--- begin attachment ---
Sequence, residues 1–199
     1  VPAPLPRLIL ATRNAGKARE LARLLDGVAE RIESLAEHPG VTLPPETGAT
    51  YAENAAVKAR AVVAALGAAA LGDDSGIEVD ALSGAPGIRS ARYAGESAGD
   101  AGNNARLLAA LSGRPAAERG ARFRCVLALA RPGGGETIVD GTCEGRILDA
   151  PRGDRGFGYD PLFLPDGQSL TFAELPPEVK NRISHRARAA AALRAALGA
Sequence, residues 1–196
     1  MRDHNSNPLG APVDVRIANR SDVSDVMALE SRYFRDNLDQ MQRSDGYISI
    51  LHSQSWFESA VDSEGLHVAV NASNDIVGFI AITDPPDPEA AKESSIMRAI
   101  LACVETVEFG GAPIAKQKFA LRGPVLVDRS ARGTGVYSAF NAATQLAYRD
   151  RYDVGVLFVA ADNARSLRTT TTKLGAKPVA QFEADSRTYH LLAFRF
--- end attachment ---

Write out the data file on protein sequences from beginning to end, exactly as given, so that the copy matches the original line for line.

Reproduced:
Sequence, residues 1–199
     1  VPAPLPRLIL ATRNAGKARE LARLLDGVAE RIESLAEHPG VTLPPETGAT
    51  YAENAAVKAR AVVAALGAAA LGDDSGIEVD ALSGAPGIRS ARYAGESAGD
   101  AGNNARLLAA LSGRPAAERG ARFRCVLALA RPGGGETIVD GTCEGRILDA
   151  PRGDRGFGYD PLFLPDGQSL TFAELPPEVK NRISHRARAA AALRAALGA
Sequence, residues 1–196
     1  MRDHNSNPLG APVDVRIANR SDVSDVMALE SRYFRDNLDQ MQRSDGYISI
    51  LHSQSWFESA VDSEGLHVAV NASNDIVGFI AITDPPDPEA AKESSIMRAI
   101  LACVETVEFG GAPIAKQKFA LRGPVLVDRS ARGTGVYSAF NAATQLAYRD
   151  RYDVGVLFVA ADNARSLRTT TTKLGAKPVA QFEADSRTYH LLAFRF